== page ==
Youth Empowerment & Employment Program

In 1986, philosopher Pierre Bourdieu found that financial capital is influenced by cultural, human, and social capital. In order to stop reproducing societal inequalities, we must equalize these three types of capital across all populations. Our Youth Empowerment & Employment Program is designed to enhanced all three types of capital, so that graduates of our program have a better chance of reaching their goals.

The combination of these three types of capital help explain why some people enter well-paying and safe jobs, while others don’t.

Cultural Capital: The ability to relate to and feel comfortable with those in charge. We acquire cultural capital from our family and upbringing; the languages we speak, our ethnicity, foods we prefer to eat, preferred leisure activities, etc. If one does not grow up with similar cultural capital as their future boss, it takes time to learn this type of capital. Unfortunately, employers tend to hire people with their type of cultural capital, because they feel more comfortable around them.

Human Capital: An employee’s skill-set – AKA – resume builders. What are your marketable skills? What is your training or degree in?

Social Capital: Who do you know? As many people claim, it’s not what you know, but who you know! Do you have family connections for a job or internship? Will your previous employer provide a good reference? Are you well-liked by your wealthy community so you can raise money to travel?

The Growing Alliances Youth Empowerment & Employment Program brings together youth from ages 16-21 of diverse backgrounds but who have the common experience of foster care or homelessness. The goal of our youth employment program is to facilitate the growth of food, skills, and community.

Grow FOOD:

  • Grow food to donate to those who need it

  • Learn to grow food organically for yourself and community

  • Learn plant identification

  • Learn horticulture, biology and soil science

  • Take weekly workshops on the history, politics and economics of the U.S. food system in order to determine the cause of high rates of malnutrition in the United States.


  • Professional Communication

  • Public Speaking

  • Resume building

  • Leadership

  • Event Planning

  • Budgeting

  • Be able to set and accomplish measurable goals

  • Nurture passion


  • Build working relationships with staff, coworkers, and community partners

    • Clear and healthy communication

    • Create trust among team

    • Create friendships with coworkers

  • Build professional network

    • Participate in networking events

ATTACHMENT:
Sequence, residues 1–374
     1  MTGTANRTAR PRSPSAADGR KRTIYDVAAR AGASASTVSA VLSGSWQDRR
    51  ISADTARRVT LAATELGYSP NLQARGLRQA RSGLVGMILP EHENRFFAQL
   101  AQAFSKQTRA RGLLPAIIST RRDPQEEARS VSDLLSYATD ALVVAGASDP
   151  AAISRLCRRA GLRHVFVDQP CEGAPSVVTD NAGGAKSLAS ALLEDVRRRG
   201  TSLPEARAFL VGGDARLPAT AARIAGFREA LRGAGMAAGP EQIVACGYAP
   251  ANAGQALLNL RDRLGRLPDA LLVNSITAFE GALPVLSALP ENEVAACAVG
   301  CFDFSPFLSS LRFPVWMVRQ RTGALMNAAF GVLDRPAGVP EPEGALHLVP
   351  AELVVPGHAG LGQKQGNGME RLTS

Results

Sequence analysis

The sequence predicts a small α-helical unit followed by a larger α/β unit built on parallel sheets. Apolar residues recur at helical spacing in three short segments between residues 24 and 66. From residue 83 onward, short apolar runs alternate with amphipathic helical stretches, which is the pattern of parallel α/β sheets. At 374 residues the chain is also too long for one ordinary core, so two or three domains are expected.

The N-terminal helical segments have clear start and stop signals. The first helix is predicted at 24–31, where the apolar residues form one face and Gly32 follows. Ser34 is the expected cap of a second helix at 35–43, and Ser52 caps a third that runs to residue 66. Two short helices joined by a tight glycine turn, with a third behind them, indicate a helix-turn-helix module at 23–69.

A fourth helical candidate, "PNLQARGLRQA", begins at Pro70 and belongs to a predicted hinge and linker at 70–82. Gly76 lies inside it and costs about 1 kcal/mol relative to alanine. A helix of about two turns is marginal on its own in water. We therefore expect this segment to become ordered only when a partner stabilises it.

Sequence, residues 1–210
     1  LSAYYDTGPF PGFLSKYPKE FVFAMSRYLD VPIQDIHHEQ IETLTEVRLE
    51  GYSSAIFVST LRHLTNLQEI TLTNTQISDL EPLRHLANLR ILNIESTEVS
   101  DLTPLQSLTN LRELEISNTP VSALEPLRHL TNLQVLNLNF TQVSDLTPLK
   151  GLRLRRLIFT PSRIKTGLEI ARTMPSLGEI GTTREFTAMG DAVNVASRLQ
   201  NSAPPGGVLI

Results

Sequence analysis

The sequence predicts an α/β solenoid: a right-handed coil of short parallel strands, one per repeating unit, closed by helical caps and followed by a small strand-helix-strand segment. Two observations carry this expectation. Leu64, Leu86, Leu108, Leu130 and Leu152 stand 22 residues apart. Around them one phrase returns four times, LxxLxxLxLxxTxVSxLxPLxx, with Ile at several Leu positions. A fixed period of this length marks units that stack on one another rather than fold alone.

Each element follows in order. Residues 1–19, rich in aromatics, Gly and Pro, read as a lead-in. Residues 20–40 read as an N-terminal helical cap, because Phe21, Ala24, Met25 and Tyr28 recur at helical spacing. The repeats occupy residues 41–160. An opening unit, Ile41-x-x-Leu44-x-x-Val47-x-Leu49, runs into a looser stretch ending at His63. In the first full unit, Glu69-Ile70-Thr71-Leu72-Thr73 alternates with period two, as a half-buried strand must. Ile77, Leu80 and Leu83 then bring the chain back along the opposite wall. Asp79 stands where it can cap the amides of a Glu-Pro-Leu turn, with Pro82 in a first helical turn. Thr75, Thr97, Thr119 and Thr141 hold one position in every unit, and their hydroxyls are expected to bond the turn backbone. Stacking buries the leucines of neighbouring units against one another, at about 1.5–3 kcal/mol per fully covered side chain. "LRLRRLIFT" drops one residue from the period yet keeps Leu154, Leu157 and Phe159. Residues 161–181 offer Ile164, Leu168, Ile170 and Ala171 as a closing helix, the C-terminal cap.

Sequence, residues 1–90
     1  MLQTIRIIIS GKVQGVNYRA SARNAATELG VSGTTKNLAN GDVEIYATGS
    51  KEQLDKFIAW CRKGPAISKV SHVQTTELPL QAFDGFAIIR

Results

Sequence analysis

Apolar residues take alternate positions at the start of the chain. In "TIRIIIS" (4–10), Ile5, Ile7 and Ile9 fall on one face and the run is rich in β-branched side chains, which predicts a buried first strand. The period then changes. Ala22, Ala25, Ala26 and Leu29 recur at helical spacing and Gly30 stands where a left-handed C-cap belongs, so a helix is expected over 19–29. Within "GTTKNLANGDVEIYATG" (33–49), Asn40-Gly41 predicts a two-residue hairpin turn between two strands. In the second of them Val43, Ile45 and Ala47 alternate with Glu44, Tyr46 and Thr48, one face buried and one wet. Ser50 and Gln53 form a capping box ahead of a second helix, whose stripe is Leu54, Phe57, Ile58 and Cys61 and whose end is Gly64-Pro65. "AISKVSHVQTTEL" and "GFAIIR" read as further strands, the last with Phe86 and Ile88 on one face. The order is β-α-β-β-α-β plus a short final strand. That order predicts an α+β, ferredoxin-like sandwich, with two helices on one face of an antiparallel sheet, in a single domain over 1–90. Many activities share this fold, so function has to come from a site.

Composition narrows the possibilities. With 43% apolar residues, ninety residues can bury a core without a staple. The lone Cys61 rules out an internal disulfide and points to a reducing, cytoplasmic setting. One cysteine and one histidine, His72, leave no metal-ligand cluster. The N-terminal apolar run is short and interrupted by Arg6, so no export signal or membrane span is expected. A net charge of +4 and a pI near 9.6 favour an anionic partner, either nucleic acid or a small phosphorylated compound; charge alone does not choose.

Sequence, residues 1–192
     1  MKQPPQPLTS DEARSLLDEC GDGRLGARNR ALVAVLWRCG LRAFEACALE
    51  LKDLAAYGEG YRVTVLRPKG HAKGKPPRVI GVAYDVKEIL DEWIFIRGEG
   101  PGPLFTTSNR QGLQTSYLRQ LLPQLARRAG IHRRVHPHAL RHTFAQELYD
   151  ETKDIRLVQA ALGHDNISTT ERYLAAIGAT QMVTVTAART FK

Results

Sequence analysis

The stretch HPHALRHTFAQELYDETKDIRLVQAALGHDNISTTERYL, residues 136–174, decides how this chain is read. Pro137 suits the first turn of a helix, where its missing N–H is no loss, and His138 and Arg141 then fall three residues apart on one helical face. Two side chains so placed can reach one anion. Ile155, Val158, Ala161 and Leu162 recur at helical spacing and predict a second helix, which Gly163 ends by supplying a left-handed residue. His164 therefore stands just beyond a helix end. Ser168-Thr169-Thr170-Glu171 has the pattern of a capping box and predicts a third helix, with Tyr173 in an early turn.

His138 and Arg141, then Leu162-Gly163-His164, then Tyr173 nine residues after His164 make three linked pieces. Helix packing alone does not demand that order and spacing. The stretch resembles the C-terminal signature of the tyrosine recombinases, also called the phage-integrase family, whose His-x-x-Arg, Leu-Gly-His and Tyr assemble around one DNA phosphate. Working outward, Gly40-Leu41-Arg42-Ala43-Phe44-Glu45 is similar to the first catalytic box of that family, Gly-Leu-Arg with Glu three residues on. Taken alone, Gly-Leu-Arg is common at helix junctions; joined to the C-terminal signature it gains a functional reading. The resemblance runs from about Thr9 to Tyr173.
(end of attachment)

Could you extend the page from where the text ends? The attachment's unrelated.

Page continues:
• Meet with influential people in their field of interest

  •  Support community

    • How can we support/improve our community?

  • Environmental Stewardship

What Will We Be Doing?

Our six-month program is divided into two three-month terms. Our first term will go from April 4th – June 21st, during which our youth employees will work two days a week for a total of 5 hours on our urban farm at 1815 Ellis St. growing food to donate, sell and cook for themselves. Our youth employees, AKA Crew Members, will simultaneously participate in weekly workshops on job skills and on the history, economics and politics of the U.S. food system. The first term focuses on the health and social implications and movements of the U.S. food system.

The second term, which starts when school releases for the summer, will go from June 26th – September 13th. During the summer our crew meets three days a week, for a total of 12 hours a week. During this time, our crew continues to learn skills they can use in future jobs, as well as lessons on the food system. This term focuses on the environmental implications and movements of the current food system.

The Garden Crew participates in weekly workshops on job skills, business development, and emotional vitality. Our Program Manager leads the crew to build and implement a business model to create revenue from a service or product our farm can provide.

Each Crew Member meets with staff to discuss their career and/or academic goals. Our staff then work to introduce each Crew Member to influential people in each youth’s field of interest. If their interests align with any of the needs of Growing Alliances, we offer them a Youth Internship within the organization. Youth Positions are supervised paid internships within the organization’s administration, where youth employees can have an impact on the marketing, budgeting, or development of the organization.

After completing one season with Growing Alliances, Crew Members are eligible for a promotion to garden manager, which includes a pay raise and increased responsibility.

Interested in learning more about the Youth Empowerment & Employment Program? Visit our Application Page.

We start accepting applications March 7 for the first season and will start interviews March 15. To apply, email a cover letter introducing yourself, why you are interested in the job and any past work or volunteer experience you’ve had.

Please email us at to apply or for questions.